Monday, January 11, 2010

Fallout of Coptic killing in Egypt continues

Mohamed Abdel Salam

10 January 2010 in Egypt, Featured, News
CAIRO: The reactions to the deadly attack on the Copts in Nag Hammadi on the eve of Coptic Christmas that resulted in the killing of 6 Copts and one Muslim security officer and the injury of 7 others last Wednesday, continued with the condemnation by the Egyptian Government, the Catholic Pope, Sheikh of al-Azhar, the Muslim Brotherhood. This has been followed with reports spreading about Coptic Pope Shenouda III being holding a hunger strike while mourning the death of the Copts.
The country’s interior ministry announced shortly before noon on Friday, the arrest of three suspects for the massacre at Nag Hammadi. The ministry announced the names of the three suspects, led by Mohammed Ahmed Hassan Al Komi, also known as Hammam Al Komi, after they surrendered to police the same day.
Security forces had imposed a massive security siege in the area between the village of Farshout and the town of Nag Hammadi in an effort to curtail further violence.
Major General Adly Fayed, the First Deputy of the Minister of Interior for Public Security Bureau, in statements to Egyptian daily newspaper al-Dostour said that the accused had surrendered after security tightened its grip in the area.
He added: “We interrogated the accused in the State Security Intelligence headquarters to find out their motives for the crime and the first suspect said that the idea of the massacre just came to his mind and he denied receiving money from the family of the raped girl in Farshout.”
For his part, the Bishop Kirolos of Nag Hammadi held a press conference in the Orthodox Diocese to unveil details of the incident. He said: “I knew about the details of the attack before it took place and I informed the security leaders to make the necessary arrangements, but no one took any action for our protection, thus, I met the leaders of churches and told them to finish the service as early as possible and I told my sons not to come to the Patriarchate.”
He added that “I hope for a better presence of security planning in the province of Qena, so we feel secure as Christians and Muslims. I saw with my own eyes the offender Kamoni with another person opening fire on innocent people as the worshippers were leaving the church and then contacted the security services to inform them of what had happened and the whereabouts of the suspects.”
More than 100 activists of the Copts Abroad in Britain organized a protest in front of the headquarters of the BBC on Friday morning to protest and condemn the events. Dr. Ibrahim Habib, the head of the United Copts Organization in England said in a special statement to al-Youm al-Saba’a that it is the first time in the history of England, when the Copts hold a demonstration because of the events. The protest, according to Habib, came to protest “the lack of objective coverage of the BBC of the events in Egypt, as the channel covered the story in a false way.”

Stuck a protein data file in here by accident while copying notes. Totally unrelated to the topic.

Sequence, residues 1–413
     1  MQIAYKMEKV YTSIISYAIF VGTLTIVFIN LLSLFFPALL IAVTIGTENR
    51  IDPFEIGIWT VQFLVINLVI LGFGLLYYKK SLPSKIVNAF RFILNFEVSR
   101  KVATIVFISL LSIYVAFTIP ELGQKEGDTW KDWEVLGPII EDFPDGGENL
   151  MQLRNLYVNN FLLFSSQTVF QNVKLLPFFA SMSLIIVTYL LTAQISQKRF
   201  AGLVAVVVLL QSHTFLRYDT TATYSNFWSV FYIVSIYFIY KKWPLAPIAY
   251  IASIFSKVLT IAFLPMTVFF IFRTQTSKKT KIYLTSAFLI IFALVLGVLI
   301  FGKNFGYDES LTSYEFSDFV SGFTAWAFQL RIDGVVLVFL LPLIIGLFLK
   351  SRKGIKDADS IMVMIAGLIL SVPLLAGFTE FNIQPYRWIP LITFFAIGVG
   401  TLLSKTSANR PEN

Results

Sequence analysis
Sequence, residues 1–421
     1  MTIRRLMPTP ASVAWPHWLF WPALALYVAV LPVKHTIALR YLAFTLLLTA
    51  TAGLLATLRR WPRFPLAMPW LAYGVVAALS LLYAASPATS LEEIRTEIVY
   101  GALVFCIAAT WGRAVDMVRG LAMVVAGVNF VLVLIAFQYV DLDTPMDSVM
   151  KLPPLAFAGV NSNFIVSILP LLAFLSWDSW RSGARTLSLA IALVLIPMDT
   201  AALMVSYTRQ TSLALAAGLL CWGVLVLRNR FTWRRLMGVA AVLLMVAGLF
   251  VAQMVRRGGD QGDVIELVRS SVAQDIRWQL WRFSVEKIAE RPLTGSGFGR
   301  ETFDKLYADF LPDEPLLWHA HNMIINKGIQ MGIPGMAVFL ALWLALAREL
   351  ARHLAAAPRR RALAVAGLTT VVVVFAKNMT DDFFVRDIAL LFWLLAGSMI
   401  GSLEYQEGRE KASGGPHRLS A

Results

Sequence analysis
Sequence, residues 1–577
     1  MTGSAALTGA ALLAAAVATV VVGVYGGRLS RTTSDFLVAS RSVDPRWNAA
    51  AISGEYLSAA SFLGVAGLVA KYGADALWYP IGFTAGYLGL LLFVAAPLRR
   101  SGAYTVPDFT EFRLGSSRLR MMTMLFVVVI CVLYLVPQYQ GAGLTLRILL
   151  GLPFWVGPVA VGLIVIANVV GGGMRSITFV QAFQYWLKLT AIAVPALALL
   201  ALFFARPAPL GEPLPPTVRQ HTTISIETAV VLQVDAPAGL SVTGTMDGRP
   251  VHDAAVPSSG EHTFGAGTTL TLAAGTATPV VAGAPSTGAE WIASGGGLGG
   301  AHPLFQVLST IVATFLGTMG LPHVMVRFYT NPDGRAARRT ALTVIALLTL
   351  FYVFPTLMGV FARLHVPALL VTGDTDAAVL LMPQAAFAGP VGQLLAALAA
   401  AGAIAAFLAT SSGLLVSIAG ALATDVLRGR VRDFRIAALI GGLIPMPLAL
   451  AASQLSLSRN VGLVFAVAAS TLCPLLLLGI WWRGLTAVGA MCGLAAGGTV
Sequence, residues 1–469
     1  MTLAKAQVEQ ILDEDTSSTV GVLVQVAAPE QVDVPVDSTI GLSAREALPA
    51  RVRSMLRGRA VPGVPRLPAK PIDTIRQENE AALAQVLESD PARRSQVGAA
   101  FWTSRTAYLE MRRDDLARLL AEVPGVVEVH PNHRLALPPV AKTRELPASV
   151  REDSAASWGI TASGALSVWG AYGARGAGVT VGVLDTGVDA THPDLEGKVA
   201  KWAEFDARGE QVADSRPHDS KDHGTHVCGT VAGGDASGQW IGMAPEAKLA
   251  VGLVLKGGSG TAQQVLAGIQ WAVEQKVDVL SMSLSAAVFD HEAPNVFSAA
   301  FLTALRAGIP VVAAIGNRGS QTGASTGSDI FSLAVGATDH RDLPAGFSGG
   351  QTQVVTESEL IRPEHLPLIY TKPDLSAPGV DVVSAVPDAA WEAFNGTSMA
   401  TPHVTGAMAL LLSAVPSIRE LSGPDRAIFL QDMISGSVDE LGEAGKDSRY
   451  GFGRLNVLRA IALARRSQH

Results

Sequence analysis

In a related development, Free Copts and the Coptic Voices Organization in the United States, called for a peaceful march be organized on Tuesday, January 19, in front of the headquarters of the United Nations in New York, in order to protest the recent sectarian violence incidents.
The Egyptian Center for Development and Human Rights, in turn, called on President Mubarak to intervene personally to end the “sectarian sedition” in Qena Governorate.
The statement also demanded the dismissal and resignation of both of the interior minister and security chief of Qena, Magdi Ayyoub, “as they are failing to protect the security of Egyptian citizens in that province.”
The group criticized the role taken by the Egyptian media, “in an attempt to delay the incident and showing it as an individual incident, which is totally untrue.”
Several human rights activists also launched sharp attacks on the official and religious institutions of the state, accusing them of being responsible for the violence in the town, adding that the state “pursues policies and promotes political speech that has enshrined discrimination against the Copts, and restricts freedom of religion for non-Muslim citizens.”
El-Din Hassan, Director of the Cairo Center for Human Rights Studies, argued that this unfortunate incident is a continuation of the deterioration over the last decade of Coptic issues, stressing that this incident reveals the “absence of political will on the political system to solve the crises of Christians and other religions including the Shiites, Baha’is and Quranists,” indicating that the real culprit is not the unknown suspects who committed the incident in question, “but it is in the hands the government and the official religious establishment and security services, formal education and the sheikhs of the satellite channels. Their hands are stained with the blood of the Coptic victims.”
Hossam Bahgat, Director of the Egyptian Initiative for Personal Rights, stressed the need to investigate the security agencies, which failed to prevent the accident, “although it was aware that a number of Copts received threatening messages two months before the incident by Muslims in revenge for the rape of a Muslim girl in November 2009.”
Bahgat said that the responsibility for the recent incident is on the state that discriminates against the Copts and adopts policies that would slander them, calling for immediate action as a deterrent to criminals, and the introduction of legislative amendments that criminalizes discrimination against the Copts.
Like Bahgat, many activists have demanded reforms of the education curriculum and the discourse in the official media and to review the position of sheikhs on popular satellite channels and the official religious establishment “that encourages hatred of non-Muslims.”

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